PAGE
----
French lawmakers support gradual ban on Muslim veils
PARIS: French legislators took up the touchy subject of face-covering, body- length Muslim veils such as the burqa on Wednesday, as a leading lawmaker softened his calls for an outright ban by suggesting the garments could be forbidden gradually.
France’s questioning of the veils has raised hackles among some Muslim groups abroad and prompted threats from an al-Qaida affiliate based in Algeria.
French President Nicolas Sarkozy said last month that burqas make women prisoners and that they would not be tolerated in France.
The National Assembly, the lower house of parliament, put together a committee of 32 legislators from all four major political parties to study the wearing of burqas and niqabs, face-covering veils worn primarily by women in Saudi Arabia and by some other Muslim women.
The committee held its first meeting today..
The head of the governing conservative party UMP, Jean-Francois Cope, has called for a ban on the veils in France.
Today, he was quoted in Le Parisien newspaper as suggesting that any ban should not be “hasty”. Instead, he suggested a two-stage effort, “a ban preceded by six months to a year of dialogue, explanation and warnings.” France is home to western Europe’s largest population of Muslims, estimated at 5 million. A small but growing group of French Muslim women wear full-body robes and veils that cover everything but the eyes.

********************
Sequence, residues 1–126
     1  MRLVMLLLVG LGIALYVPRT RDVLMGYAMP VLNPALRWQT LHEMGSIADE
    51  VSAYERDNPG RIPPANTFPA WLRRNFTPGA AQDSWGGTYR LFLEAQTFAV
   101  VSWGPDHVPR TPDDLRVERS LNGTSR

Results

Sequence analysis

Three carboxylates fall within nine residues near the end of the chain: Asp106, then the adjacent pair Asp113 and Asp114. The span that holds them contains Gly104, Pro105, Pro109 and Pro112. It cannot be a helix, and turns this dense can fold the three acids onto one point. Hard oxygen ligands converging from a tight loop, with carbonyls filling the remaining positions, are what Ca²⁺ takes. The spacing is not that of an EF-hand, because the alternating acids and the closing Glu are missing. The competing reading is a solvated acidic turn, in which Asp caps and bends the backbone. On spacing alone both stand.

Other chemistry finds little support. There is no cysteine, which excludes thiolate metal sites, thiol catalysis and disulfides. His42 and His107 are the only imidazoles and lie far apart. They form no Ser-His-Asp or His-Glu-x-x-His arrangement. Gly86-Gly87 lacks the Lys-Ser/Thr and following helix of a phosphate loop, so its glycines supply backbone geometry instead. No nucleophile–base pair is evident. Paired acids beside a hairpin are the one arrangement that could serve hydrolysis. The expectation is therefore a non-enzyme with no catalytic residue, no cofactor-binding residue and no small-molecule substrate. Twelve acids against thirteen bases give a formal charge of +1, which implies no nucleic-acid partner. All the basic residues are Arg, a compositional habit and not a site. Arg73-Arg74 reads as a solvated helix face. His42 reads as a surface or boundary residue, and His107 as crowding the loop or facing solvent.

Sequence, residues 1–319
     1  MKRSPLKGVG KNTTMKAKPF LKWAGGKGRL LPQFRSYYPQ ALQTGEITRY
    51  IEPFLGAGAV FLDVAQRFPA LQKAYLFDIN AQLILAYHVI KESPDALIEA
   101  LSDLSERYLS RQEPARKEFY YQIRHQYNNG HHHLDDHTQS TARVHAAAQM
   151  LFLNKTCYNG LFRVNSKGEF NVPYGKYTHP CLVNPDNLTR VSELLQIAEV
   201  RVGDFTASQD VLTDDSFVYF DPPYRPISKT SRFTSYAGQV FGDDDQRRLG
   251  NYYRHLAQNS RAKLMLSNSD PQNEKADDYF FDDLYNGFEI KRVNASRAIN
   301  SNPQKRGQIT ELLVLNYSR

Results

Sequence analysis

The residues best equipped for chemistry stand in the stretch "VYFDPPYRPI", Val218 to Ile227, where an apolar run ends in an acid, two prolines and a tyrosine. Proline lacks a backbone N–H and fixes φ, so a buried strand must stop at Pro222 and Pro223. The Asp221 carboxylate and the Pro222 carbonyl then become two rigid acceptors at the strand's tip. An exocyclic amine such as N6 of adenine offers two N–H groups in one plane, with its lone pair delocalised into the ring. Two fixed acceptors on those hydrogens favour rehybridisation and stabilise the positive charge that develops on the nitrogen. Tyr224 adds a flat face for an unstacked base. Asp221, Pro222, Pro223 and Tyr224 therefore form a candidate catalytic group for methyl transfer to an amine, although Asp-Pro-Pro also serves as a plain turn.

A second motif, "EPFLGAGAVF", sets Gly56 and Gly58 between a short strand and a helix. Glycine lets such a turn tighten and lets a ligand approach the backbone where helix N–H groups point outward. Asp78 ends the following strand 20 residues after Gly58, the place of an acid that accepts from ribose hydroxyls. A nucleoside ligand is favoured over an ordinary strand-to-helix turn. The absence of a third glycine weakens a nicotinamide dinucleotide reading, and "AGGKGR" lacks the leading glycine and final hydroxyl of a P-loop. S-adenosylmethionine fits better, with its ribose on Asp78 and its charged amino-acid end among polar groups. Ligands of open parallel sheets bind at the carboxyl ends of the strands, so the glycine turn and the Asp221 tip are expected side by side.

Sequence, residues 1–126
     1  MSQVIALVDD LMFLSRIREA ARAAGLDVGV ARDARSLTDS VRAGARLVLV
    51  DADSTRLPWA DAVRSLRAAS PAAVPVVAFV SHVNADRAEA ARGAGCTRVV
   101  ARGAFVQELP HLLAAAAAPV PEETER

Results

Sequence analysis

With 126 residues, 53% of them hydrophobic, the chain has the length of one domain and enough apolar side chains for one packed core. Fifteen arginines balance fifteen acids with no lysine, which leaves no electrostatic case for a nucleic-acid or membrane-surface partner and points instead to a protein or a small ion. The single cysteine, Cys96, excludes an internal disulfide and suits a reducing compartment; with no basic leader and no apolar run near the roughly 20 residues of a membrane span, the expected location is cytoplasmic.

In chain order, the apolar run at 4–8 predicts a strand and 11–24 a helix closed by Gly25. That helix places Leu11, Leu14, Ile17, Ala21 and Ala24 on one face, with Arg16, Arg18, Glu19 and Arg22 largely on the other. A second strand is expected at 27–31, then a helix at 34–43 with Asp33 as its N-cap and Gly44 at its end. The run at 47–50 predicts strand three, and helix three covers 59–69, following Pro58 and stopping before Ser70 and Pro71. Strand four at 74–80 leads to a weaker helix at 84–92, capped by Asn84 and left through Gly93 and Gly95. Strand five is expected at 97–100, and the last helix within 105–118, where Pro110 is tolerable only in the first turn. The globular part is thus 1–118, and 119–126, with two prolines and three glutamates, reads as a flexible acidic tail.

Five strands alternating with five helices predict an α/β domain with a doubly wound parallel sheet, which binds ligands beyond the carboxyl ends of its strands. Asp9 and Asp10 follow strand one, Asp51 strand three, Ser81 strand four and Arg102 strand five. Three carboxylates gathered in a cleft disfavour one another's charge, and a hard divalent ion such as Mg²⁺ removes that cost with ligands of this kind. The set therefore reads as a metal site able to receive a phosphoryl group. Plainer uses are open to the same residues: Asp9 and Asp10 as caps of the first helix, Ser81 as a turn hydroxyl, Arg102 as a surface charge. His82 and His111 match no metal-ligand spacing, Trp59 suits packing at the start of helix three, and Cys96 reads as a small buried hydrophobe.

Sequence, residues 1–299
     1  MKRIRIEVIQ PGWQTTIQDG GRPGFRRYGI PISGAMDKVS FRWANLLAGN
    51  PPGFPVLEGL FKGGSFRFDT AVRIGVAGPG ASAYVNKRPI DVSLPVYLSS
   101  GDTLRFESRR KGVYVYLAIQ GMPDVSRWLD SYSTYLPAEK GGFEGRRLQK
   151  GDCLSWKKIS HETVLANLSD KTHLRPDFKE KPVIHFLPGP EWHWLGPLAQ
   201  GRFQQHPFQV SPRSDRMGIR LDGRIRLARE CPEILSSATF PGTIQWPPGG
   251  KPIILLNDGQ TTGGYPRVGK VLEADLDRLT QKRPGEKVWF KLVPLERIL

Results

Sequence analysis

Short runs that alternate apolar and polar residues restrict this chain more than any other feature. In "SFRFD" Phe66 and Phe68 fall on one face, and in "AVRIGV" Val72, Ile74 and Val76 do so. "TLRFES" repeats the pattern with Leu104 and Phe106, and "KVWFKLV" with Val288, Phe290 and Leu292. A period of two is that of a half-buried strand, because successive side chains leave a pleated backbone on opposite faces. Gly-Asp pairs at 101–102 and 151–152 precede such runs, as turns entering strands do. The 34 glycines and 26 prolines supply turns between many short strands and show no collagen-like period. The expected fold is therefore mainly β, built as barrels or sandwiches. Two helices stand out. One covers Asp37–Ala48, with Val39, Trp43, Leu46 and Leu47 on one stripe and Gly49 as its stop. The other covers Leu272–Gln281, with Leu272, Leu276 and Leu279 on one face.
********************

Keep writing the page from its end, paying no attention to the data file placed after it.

Cope insisted that it’s a “political debate, not a religious one.”
He said the veils pose “a problem of security and public order” because they conceal the wearer’s identity. “These clothes exclude women from the national community, deny their identity,” Le Parisien quoted him as saying.
Last week, al-Qaida in the Islamic Maghreb, AQIM, issued a statement on Islamic Web sites vowing to “seek vengeance against France” over Sarkozy’s comments about the veils. The declaration could not be independently verified.
Human Rights Watch has said a ban would be counterproductive, and a top British Muslim group said Sarkozy’s comments were patronising and offensive. Lebanon’s most influential Shiite cleric called on the French leader to reconsider his statement.